It is crucial that the change of gait parameters from ST to DT is higher than the random measurement error between the systems, especially when retrospectively viewing the effect of DT on gait parameters in meta-analyses or intervention studies. One way to differentiate between real change and random measurement error is through the utilization of the standard error of measurement (SEM) and the minimal detectable change (MDC). Hence, in this study we compared five different gait measurement systems regarding their reliability – in terms of agreement – in a DT paradigm thereby providing an indication of the minimum amount of the DT effect that is necessary to be sure not to consider this as a measurement error.
Therefore, the purpose of the present study was 1) to investigate the average DT effects in a cohort of YA and OA, (i.e., the change in gait parameters from ST to DT), 2) to compare the obtained gait parameters between the measurement systems in YA and OA under ST condition, and 3) to investigate if the DT effects are greater than the measurement error of the systems measured under ST condition. We assumed that DTCs influencing gait parameters would be particularly evident in OA and, that the comparison of the different gait measuring systems indicate no systematic or random differences. Furthermore, we predicted that the DTCs are greater than the average difference of the measurement systems, otherwise the DT effect may be due to measurement error.
A total of 26 participants were recruited. Community dwelling OA (n = 12) who participated in regular fall prevention programs and sports activities for senior citicens at the University of Hamburg and YA (sport students, n = 14) were recruited for this study (see Table 1 for group characteristics). All participants had normal or corrected-to-normal vision and no known neurologic or orthopaedic disorder affecting their gait. The study, approved by the local ethics of the University of Hamburg (registration number 2020_2077; 12.2.2020), followed the Declaration of Helsinki .
Five different commercially available systems for performing gait analysis in clinical and research settings were compared. We included systems that used external hardware to measure ground contact either through pressure sensors or via optoelectronic devices (body-detached), as well as systems composed of inertial measurement units (body-attached sensors).
In analogy to the study procedure of Rudisch and colleagues  we used the same systems. Rudisch et al. compared different outcomes for the overlapping gait phases, during which all systems measured the same steps. The present study focused on the mean values and standard deviation for all walking conditions (see Experimental Setup and Procedure). In the PROCARE multicenter study our group collected data with five different mobile gait measurement systems, according to different institutional resources (see study protocol ). The PROCARE project was conducted to develop a training intervention to increase mobility and psychological well-being of nursing home residents. To show effects of the intervention on DT performance (as the DT paradigm is also used in the PROCARE study), it is necessary to secure that training effects exceed the measurement error.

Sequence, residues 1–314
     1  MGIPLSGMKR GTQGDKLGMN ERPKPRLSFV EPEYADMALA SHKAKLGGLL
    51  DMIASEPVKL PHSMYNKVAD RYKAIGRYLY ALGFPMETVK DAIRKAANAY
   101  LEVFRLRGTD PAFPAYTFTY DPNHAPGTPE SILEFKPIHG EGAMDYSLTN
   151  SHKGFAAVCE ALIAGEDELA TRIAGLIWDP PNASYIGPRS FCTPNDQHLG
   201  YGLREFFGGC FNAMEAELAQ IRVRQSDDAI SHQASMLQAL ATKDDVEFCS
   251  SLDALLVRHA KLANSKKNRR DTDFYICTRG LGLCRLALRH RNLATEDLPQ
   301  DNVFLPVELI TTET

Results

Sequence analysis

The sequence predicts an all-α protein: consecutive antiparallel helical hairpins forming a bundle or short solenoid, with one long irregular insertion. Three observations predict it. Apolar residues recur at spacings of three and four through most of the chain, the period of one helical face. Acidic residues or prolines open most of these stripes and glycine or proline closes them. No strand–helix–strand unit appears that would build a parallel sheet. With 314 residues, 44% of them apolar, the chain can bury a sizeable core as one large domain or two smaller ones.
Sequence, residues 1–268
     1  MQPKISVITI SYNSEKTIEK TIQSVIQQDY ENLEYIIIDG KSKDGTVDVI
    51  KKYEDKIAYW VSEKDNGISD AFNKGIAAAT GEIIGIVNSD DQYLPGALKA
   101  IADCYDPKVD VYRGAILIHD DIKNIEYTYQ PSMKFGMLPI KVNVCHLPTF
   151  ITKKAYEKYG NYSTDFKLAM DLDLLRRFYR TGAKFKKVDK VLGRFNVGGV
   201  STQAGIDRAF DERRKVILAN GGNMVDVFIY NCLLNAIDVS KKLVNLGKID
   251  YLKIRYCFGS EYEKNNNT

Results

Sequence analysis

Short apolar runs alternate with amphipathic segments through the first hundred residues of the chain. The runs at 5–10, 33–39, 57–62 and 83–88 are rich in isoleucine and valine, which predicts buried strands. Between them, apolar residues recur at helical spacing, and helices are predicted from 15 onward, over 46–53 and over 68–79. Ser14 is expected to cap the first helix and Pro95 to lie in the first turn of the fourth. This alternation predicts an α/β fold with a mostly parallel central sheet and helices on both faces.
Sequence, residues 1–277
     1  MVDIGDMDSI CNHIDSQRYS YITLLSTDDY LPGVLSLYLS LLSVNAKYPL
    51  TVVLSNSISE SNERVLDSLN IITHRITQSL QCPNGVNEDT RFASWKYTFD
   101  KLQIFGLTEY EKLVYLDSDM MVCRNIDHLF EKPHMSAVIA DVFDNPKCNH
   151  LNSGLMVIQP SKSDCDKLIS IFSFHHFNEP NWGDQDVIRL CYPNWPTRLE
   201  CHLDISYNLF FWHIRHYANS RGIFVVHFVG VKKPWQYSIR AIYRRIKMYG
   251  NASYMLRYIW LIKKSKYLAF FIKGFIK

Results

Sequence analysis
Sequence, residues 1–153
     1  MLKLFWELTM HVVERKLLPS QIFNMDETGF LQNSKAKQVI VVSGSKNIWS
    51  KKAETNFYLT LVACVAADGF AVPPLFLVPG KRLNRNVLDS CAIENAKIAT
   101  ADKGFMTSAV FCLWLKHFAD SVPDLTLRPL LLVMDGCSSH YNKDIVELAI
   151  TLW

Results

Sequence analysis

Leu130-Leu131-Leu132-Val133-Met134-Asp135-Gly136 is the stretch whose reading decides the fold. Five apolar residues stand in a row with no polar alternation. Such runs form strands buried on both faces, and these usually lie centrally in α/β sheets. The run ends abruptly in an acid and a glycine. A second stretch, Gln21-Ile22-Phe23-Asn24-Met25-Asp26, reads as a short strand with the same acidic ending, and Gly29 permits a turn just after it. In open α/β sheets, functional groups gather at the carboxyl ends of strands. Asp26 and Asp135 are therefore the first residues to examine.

Overground walking systems
The OptoGait (Microtgate, Bolzano, Italy) system is an optoelectronic measurement system using parallel bars that are positioned on the ground with 0.6 m distance (adjusted to the width of the Zebris plate) and has a spatial and temporal resolution of 1.041 cm (distance between diodes) and 1 kHz respectively. Ground contacts are measured when the photoelectronic bridge between an LED and photodiode is interrupted. We used an OptoGait system of 6 m length. The system showed a high level of correlation with all spatio-temporal parameters (ICCs: 0.79–0.95) . The GAITrite (CIR Systems, New Jersey, USA) system is an electronic walkway containing a matrix of pressure sensors. We used an 8.7 m GAITrite walkway with an active measuring range of 7.93 m × 0,75 m and with a spatial and temporal resolution of 1.27 cm (length/width of sensors) and 120 Hz respectively. It is well accepted that the GAITrite mat exhibits excellent reliability for most temporal-spatial gait parameters in both YA (ICCs: 0.83–0.94) and OA (ICCs: 0.82–0.91) . The Zebris (zebris Medical GmbH, Isny, Germany) plantar pressure system is, like GAITrite, an electronic walkway containing a matrix of pressure sensors. We used a 2 m × 0.6 m Zebris walkway with a spatial and temporal resolution of 0.85 cm (length/width of sensors) and 100 Hz respectively. Reliability was excellent for gait velocity, cadence, gait cycle time, step and double step length (ICC: 0.93–0.99) and poor for relative stance, swing and double stance phases (ICC: 0.24–0.47) .